“Edge of Tomorrow:” On the edge of great sci-fi

Ties to history, Emily Blunt kicking butt and each day lived over and over make the film worthy of box office prices

Before seeing Edge of Tomorrow, I heard the action flick was a sci-fi version of Bill Murray’s classic Groundhog Day. Although the comparison has its merits, Tom Cruise‘s soldier is stuck in a time loop and relives the same bloody day, Groundhog Day had emotional and even poignant views on death.

In Edge of Tomorrow, director Doug Liman plays Cruise’s spontaneous and countless deaths for humorous breaks in the violent action. The strangest thing? The deaths almost work as well as in Groundhog Day. Land mines, random trucks and innumerable bullets destroy Cruise; the laughs come when he sidesteps the pitfalls the next day with looks of exhaustion and satisfaction.

Even the movie’s portrayal of combat injuries is realistic, but that’s only when Cruise’s life and the day he’s living turn out to be expendable early in the story. Once the film’s climax comes around, the characters sadly turn into the clichéd indestructible action heroes.

Although he has played military men before, it might be strange to buy Cruise — all 5′ 7″ of him — as a soldier donning half-baked Iron Man armor. Good thing his Major William Cage isn’t really a soldier; his rank is more of a courtesy title. He’s a media relations affiliated with the US military, but General Brigham (a stubborn Brendan Gleeson) punishes Cage for desertion by putting him on the front lines of a human invasion of alien-occupied Europe.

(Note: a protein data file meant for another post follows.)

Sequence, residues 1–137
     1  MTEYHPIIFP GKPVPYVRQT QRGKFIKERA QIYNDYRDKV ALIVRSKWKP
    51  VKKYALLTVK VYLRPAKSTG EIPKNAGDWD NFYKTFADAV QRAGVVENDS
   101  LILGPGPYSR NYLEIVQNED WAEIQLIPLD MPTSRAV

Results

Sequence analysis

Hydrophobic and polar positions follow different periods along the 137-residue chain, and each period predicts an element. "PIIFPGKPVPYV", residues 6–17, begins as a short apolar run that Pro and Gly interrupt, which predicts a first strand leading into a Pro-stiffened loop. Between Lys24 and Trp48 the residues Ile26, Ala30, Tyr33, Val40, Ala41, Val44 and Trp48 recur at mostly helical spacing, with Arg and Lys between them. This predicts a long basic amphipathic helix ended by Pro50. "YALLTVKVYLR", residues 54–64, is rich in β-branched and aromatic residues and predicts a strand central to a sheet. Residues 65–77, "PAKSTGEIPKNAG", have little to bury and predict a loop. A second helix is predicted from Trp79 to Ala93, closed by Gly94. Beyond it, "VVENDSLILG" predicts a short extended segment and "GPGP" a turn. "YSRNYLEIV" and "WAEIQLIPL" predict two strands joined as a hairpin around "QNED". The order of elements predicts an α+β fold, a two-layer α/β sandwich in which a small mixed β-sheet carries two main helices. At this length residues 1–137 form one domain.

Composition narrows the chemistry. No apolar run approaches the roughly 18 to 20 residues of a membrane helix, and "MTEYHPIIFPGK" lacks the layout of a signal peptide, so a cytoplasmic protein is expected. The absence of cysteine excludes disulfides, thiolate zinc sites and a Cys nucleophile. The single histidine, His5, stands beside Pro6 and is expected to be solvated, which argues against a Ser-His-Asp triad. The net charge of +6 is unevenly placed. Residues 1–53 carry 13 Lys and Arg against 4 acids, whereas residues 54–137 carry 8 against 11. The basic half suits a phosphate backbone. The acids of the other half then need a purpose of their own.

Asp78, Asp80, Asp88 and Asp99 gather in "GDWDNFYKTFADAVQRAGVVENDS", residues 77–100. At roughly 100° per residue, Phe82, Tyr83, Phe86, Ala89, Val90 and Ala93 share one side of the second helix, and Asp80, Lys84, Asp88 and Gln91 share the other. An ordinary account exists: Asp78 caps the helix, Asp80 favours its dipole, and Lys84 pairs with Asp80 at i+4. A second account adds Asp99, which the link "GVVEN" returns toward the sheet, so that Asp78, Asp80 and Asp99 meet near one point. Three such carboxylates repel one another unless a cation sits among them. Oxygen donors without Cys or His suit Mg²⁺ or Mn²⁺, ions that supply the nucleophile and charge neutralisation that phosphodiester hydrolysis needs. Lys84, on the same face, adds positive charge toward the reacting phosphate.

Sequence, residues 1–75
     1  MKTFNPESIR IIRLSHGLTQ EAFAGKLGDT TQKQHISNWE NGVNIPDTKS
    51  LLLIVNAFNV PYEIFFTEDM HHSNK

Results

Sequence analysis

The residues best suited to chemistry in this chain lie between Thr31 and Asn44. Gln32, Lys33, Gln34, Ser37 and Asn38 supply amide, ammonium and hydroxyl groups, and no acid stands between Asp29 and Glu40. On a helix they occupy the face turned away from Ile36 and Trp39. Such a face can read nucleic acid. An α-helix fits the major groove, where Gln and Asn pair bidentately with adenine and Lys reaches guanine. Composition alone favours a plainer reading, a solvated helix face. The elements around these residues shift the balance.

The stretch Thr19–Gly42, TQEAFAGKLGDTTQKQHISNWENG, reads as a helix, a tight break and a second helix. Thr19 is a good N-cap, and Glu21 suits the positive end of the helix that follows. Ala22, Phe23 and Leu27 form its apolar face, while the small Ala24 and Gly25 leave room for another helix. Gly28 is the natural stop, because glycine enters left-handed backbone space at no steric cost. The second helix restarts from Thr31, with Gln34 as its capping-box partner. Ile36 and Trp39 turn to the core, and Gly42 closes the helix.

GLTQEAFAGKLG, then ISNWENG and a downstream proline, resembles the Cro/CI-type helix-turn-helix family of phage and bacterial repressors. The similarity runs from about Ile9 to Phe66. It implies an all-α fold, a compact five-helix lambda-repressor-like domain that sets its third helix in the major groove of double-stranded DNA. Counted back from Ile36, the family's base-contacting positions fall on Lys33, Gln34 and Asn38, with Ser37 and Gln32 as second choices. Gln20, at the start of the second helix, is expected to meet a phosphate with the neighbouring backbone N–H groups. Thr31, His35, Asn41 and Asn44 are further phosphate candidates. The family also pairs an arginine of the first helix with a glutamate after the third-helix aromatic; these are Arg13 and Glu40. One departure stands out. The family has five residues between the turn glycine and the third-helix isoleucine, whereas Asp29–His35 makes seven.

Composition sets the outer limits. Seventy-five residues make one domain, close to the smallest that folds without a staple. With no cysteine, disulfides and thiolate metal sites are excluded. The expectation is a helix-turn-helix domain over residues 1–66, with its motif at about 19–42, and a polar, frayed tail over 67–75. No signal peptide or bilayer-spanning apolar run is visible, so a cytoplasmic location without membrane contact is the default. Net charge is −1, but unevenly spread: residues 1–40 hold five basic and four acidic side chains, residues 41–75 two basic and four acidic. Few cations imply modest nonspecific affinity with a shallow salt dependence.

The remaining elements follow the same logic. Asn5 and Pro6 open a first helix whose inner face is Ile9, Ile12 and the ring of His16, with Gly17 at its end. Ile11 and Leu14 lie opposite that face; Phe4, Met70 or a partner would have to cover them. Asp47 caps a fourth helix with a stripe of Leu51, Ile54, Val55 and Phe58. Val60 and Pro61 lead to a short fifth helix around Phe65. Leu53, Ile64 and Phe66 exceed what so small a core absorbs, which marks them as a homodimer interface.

After his first death on the battlefield, Cage wakes up in handcuffs outside of basic training. Just like the day before. Dazed and confused, he eventually seeks the help of Rita (Emily Blunt), a kick-butt soldier who lives up to her intimidating war propaganda posters (she’s nicknamed “Full Metal Bitch”).

Blunt is stern and tough, but there’s just something about Cruise’s smugness that meshes with Cage, his character who knows everything that will happen in the near future. It might be Cruise’s trademark grin oozing that know-it-all charm, or it could be Liman’s commitment to a semi-lighthearted sci-fi take on the D-Day invasion of 1944.

The movie might say that shape-shifting aliens have landed in Germany and taken over Europe and Scandinavia, but Liman cleverly references real history when his soldiers land on northern French beaches to free the continent of tyranny.

It’s kinda cool that Edge of Tomorrow opens on the 70th anniversary, right?

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